Hundreds of agricultural workers met last night to discuss how to prevent an outbreak of bovine TB.
At the meeting, at Lincolnshire Showground, vets gave advice on testing and talked about the devastating impact the disease can have.
Beef farmer and NFU council delegate, Jonathan Brant, said: "Bovine TB could cause significant financial hardship for all cattle farmers in Lincolnshire if preventative steps are not taken.
"The aim of this meeting is to discuss these steps and explore what we can do to ensure testing is not increased; movements are not restricted further and ultimately we want to reduce the losses of animals to bovine TB."
Farmers across Lincolnshire are joining forces to take action to stop tuberculosis infecting animals in the county. The disease, which has been spreading amongst cattle and wildlife elsewhere in the UK, has caused the industry major problems, and in some cases, has devastated businesses.
TB is already present in some neighbouring counties of Lincolnshire. It's hoped a meeting later this week will help develop ways of keeping the disease under control. Kate Hemingway reports.
A farmer is warning others that action is needed to prevent TB from spreading between cattle from neighbouring counties to Lincolnshire in the future. At the moment there have only been a handful of cases in the county, but the disease is travelling at 30 miles per year. Kate Hemingway reports:
A farmer in Gloucestershire, who has just had his business temporarily shut down as a result of TB, says it's vital cattle farmers in Lincolnshire take action to keep the disease out of the county.
"You're gonna get it through cattle movements, so it's making sure that farmers when purchasing animals actually look at the TB history of the animals and the farm to make sure that they don't bring TB on to the holding. Because once they've got it, it's very very difficult to get rid of it."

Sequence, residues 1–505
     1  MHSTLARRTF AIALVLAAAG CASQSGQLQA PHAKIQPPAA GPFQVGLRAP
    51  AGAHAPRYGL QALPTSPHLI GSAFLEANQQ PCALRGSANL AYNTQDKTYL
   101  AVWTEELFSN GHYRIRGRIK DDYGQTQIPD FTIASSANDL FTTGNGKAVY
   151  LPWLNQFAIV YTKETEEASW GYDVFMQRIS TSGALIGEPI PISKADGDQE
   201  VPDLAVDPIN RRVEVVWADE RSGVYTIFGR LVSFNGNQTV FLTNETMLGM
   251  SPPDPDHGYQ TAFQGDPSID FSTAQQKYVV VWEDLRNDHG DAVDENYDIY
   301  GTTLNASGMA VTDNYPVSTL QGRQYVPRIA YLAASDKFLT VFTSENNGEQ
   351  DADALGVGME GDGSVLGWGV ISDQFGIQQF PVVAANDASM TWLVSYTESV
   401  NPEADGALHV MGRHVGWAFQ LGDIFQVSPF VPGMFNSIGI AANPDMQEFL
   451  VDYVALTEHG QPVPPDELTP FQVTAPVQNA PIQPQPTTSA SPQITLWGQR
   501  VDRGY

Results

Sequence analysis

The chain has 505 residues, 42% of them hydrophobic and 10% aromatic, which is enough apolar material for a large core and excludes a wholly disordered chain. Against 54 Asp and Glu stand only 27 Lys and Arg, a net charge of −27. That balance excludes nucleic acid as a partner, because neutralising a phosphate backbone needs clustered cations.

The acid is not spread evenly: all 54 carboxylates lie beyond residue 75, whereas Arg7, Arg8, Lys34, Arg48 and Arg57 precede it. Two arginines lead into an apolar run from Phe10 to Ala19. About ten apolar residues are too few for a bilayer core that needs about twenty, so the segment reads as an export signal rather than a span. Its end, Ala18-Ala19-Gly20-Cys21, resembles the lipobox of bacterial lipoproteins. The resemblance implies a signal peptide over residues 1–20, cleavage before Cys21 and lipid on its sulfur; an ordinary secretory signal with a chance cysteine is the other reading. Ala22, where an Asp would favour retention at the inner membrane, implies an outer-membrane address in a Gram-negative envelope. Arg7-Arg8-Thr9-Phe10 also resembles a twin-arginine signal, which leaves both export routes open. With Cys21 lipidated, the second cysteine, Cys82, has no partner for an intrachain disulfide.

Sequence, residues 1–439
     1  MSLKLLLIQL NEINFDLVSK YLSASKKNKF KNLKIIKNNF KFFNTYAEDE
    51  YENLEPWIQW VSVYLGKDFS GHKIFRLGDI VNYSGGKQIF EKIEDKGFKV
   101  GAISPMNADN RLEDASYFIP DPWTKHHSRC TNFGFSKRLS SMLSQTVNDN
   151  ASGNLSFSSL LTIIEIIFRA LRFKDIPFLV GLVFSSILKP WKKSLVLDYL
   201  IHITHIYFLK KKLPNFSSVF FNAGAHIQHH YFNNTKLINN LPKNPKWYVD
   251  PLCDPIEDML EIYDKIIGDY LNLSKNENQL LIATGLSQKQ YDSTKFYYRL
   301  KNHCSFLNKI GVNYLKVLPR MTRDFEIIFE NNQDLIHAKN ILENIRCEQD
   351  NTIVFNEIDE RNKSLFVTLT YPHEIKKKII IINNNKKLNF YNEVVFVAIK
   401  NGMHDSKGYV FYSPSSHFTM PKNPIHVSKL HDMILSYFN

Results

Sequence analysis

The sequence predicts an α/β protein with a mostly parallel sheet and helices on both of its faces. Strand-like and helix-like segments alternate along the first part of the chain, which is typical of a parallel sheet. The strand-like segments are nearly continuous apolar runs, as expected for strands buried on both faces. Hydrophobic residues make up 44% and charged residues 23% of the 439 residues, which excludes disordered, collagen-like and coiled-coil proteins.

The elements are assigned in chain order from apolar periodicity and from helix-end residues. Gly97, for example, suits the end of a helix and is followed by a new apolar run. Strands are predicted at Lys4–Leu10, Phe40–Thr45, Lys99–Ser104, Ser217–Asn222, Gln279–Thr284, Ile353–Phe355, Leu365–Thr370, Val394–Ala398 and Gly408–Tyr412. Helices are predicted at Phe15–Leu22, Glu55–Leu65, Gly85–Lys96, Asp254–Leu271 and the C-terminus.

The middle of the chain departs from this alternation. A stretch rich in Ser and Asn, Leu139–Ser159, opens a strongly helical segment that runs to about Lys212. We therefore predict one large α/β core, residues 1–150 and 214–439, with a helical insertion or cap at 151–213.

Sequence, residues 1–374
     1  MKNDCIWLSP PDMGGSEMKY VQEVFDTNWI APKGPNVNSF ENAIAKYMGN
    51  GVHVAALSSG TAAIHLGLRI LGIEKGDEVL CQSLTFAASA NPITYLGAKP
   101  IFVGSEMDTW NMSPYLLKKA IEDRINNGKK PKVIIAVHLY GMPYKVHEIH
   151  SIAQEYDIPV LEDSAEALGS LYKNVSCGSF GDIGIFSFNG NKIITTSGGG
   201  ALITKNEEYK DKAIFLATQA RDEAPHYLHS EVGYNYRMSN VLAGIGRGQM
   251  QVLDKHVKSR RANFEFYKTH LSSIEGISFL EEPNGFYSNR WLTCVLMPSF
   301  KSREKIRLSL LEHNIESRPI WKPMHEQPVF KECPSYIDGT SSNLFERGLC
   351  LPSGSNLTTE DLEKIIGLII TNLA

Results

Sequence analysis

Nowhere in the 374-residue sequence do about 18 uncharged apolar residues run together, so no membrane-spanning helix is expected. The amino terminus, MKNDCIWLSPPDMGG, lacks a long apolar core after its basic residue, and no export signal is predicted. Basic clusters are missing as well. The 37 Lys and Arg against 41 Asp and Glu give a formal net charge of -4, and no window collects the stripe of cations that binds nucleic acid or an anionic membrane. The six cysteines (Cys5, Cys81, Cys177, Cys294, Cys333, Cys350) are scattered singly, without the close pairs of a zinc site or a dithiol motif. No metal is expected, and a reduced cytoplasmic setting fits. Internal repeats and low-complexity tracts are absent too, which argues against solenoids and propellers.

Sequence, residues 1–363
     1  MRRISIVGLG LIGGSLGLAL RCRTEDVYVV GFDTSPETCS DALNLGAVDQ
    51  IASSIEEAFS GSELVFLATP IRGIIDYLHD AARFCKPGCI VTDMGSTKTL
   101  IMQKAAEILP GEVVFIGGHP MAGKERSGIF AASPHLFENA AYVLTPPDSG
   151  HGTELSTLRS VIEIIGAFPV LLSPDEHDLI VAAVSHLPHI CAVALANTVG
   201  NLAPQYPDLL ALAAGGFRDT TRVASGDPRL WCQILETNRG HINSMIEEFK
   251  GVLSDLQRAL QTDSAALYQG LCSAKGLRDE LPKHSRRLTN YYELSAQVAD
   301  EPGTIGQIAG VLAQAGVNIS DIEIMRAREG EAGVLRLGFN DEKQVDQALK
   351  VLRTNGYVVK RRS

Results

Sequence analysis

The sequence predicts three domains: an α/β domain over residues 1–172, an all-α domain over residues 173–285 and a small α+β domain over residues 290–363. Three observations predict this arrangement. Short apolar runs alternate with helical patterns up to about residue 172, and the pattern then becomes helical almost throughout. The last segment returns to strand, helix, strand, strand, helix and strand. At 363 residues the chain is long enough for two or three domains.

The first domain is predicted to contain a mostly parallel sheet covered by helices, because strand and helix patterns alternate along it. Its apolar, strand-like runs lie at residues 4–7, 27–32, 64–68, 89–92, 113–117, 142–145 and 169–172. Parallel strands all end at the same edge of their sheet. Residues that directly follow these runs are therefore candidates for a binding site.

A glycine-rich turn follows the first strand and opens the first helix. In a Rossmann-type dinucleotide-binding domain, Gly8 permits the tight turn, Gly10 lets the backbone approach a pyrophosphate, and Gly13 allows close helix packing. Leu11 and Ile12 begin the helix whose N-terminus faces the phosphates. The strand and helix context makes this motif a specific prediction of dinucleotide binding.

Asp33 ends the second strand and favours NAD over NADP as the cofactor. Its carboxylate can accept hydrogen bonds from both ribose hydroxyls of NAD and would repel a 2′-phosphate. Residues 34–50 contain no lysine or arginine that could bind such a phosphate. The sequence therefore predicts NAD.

– Rob Harrison, Dairy Farmer in Gloucestershire
The NFU says TB is travelling between cattle herds and wildlife at a rate of approximately 30 miles a year. There have already been several cases in Lincolnshire's neighbouring county of Derbyshire, but only a handful of cases in Lincolnshire itself.
"It would increase your paperwork, it would have movement controls, this would affect your livelihood on a financial basis. But it would also affect you on a mental basis, affecting your family, affecting other farmers in the surrounding area and it would also impact on the wildlife."
– Jonathan Brant, Lincolnshire farmer and NFU Council Delegate
Farmers across Lincolnshire are joining forces to take action to stop TB infecting animals in the county. The disease, which has been spreading amongst cattle and wildlife elsewhere in the UK, has caused the industry major problems, and devastated some businesses.
An open meeting is being held with guest speakers at The Epic Centre, Lincolnshire Showground on Thursday 14th March at 7.30pm for the farming community.
The Health Protection Agency is planning an urgent meeting with the University of Lincoln following the death of a student from TB. Craig White who was 21 and from Boston, died just over a week ago, but until today the cause of his death was unknown.
An inquest into Craig's death has been opened and adjourned. Kate Hemingway reports:
Patients are being contacted in Rotherham after a person at the hospital was confirmed to have Tuberculosis. The Rotherham NHS Foundation Trust is now offering a TB test to a small number of patients as a precautionary measure.
They stress that any possible infection risk is low. The disease is only passed on after prolonged close contact with an infection person who has TB of the lung. In most cases, TB is curable with a course of special antibiotics.
Close contacts of the patient have also been identified and offered precautionary screening for TB. As a further precautionary measure, a small number of staff members have been made aware and informed of the signs and symptoms of the disease. At this stage no further individuals have been identified who need to be offered screening. We know that TB exists in our communities and so we should all be aware of the signs and symptoms
of the disease.
– George Thomson, Medical Director
Symptoms of TB of the lung include a cough, which lasts for over two weeks, shortness of breath, loss of appetite and weight loss, fever and sweating and extreme fatigue and tiredness. Anyone who thinks they may be affected by these symptoms is being asked to contact their GP.